Superior Court Justice R.J. Harper has been only too happy to help the developers and the municipality, granting all their requests for injunctions and using the full extent of the law against the reclamation camp. He has attacked the reclamation camp members as “lawless protesters”. 

Skyler Williams, one of the public faces of the camp, was declared in contempt of court for “open defiance”. Williams was thus punished for questioning the validity of the courts and for stating that he did not recognize the authority of colonial courts. Williams has also pointed out that the courthouse itself is on contested land. 

Justice Harper then banned Williams from the court proceedings, and he was not allowed to be present when the permanent injunction was granted. Justice Harper has also struck all filings made by Williams to the court in his defence.

In an important move, Justice Harper has now declared Williams as the spokesperson or “leader” of the camp. Williams denies this is his role, explaining that the camp is a collective and makes its decisions democratically through meetings. 

However, this has important legal ramifications. Justice Harper has ordered Williams, as the leader of the camp, to pay $168,000 to cover the legal fees of the developer and the municipality. The developer is also suing Williams for $20 million. The developer and the municipality are using the courts in an attempt to tie up the camp endlessly in the courts, to bleed it dry financially, with the ultimate aim of crushing the movement.

We have argued many times that the courts and the law cannot be relied upon by Indigenous peoples. The courts and the law are in fact used against Indigenous people, and historically have played a key role in the subjugation of Indigenous people and the theft of lands, etc. The subjugation and oppression of Indigenous people is written right into the law, and hence the very fabric of the country. You cannot dismantle the master’s house using the master’s tools, as the saying goes.

As an example, the Six Nations Elected Council filed 29 claims with regard to the Haldimand Tract between 1980 and 1995. Only one of the claims was ever resolved.

Yellowhead Institute, an Indigenous think tank at Ryerson University, conducted a national study of injunctions and First Nations people in Canada last year. As reported by the Toronto Star:

Researchers found that when First Nations people sought injunctions against corporations and governments, they were denied 81 and 82 per cent of the time, respectively. When corporations and governments sought injunctions against First Nations people, they were successful 81 and 90 per cent of the time, respectively.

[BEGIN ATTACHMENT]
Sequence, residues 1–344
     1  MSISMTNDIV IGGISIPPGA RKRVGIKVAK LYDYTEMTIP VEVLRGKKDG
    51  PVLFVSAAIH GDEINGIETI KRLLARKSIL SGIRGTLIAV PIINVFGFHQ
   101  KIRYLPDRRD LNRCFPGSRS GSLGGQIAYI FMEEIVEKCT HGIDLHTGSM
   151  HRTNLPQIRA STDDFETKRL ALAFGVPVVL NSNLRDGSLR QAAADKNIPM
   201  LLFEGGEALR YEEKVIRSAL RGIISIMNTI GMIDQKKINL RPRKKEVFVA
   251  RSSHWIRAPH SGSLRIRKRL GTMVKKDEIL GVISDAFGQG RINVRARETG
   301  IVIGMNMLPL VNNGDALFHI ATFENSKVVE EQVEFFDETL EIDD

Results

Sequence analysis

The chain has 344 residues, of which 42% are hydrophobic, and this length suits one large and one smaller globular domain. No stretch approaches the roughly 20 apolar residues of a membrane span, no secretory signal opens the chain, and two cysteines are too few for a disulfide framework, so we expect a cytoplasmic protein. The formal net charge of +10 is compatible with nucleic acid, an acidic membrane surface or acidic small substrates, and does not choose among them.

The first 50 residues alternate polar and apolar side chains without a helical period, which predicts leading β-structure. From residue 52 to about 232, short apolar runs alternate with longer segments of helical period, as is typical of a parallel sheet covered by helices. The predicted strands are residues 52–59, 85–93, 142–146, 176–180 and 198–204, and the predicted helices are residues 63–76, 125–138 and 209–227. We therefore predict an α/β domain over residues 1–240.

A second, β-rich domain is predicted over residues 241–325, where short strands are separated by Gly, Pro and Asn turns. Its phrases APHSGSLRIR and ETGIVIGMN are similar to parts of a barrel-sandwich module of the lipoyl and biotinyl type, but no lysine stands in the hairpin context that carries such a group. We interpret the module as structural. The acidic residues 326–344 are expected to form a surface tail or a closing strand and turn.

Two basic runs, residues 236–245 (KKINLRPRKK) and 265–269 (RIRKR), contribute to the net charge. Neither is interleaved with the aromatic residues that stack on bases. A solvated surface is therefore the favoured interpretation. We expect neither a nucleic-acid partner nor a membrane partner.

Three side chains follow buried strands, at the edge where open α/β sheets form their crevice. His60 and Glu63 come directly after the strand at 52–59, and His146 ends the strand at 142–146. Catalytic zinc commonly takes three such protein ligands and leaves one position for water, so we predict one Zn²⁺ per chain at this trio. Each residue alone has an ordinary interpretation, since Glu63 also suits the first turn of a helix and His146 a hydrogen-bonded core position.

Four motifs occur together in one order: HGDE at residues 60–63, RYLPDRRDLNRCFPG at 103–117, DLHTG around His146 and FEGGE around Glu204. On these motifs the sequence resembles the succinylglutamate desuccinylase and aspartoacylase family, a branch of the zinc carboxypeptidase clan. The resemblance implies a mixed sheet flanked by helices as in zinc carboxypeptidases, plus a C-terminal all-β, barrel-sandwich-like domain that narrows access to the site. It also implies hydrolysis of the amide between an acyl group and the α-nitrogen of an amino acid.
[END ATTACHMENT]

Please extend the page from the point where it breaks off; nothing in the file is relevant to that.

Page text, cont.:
The report itself says the following:

In plain terms, an injunction is a legal tool that restrains someone from doing something. Indigenous peoples and industry alike use injunctions to intervene in urgent matters. But injunctions are frequently used to override the lack of consent by Indigenous peoples to development on their lands. In Reconciliation Manifesto, Secwepemc leader Arthur Manuel called injunctions a ‘legal billy club’ because they are designed to move rightful title-holders off their land through force when they refuse to comply with decisions that deny their inherent rights.

The report adds:

When Indigenous people contest the authority of the province or the regulatory processes that fail to acknowledge their lack of consent, companies can take advantage of a legal system built to protect the interests of property. One legal mechanism in particular—the injunction—is often used to expedite the use of force against First Nations.

Courtney Skye, a Mohawk, Turtle Clan member of the Six Nations and a research fellow at the Yellowhead Institute, explained how the rule of law is “weaponized” against Indigenous peoples, telling the Toronto Star: “This is literally how Canadian law functions to steal land from Indigenous people. This is how land theft is made legal and the unfair mistreatment of Indigenous people is made legitimate in Canadian law. This is colonialism in action.”


The full extent of the law and the police are being used to clamp down on the 1492 Land Bank Lane reclamation camp. They are also throwing the book at the camp to scare anyone else from trying to do something similar now or in the future. The actions of the courts and the police in this sense are being used to issue a warning from the ruling class and governments, following the movement in solidarity with the Wet’suwet’en last year

The labour movement and Indigenous organizations must issue a warning as well: we will no longer stand for this treatment of Indigeous peoples at the hands of the government and corporations, the courts, and the police. We will no longer stand for these attacks on Indigeneous rights. 

The Ontario Federation of Labour (OFL) has released solidarity statements and along with the Canadian Union of Public Employees (CUPE) has organized solidarity demonstrations to support the struggle of the Haudenosaunee land defenders. 

These types of actions are excellent first steps in the right direction. Mass demonstrations should be organized to bolster the camp and should be called in other cities to begin building the momentum of the movement. We must continue to work for the unity of all exploited classes and oppressed peoples in a common struggle against the root problems: capitalism, the ruling class and their state. We must work in common to build the united organizations that can overthrow this rotten system and put an end to the exploitation of working people and the centuries of oppression of Indigenous peoples.